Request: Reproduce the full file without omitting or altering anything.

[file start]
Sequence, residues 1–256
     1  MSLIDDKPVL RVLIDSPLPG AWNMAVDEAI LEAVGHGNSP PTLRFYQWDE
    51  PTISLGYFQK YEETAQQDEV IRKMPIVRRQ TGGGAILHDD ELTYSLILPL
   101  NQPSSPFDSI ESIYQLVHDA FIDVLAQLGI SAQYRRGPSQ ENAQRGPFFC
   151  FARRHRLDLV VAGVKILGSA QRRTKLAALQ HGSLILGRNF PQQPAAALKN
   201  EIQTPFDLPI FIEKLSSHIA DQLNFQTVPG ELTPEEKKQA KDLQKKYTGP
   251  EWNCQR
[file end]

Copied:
Sequence, residues 1–256
     1  MSLIDDKPVL RVLIDSPLPG AWNMAVDEAI LEAVGHGNSP PTLRFYQWDE
    51  PTISLGYFQK YEETAQQDEV IRKMPIVRRQ TGGGAILHDD ELTYSLILPL
   101  NQPSSPFDSI ESIYQLVHDA FIDVLAQLGI SAQYRRGPSQ ENAQRGPFFC
   151  FARRHRLDLV VAGVKILGSA QRRTKLAALQ HGSLILGRNF PQQPAAALKN
   201  EIQTPFDLPI FIEKLSSHIA DQLNFQTVPG ELTPEEKKQA KDLQKKYTGP
   251  EWNCQR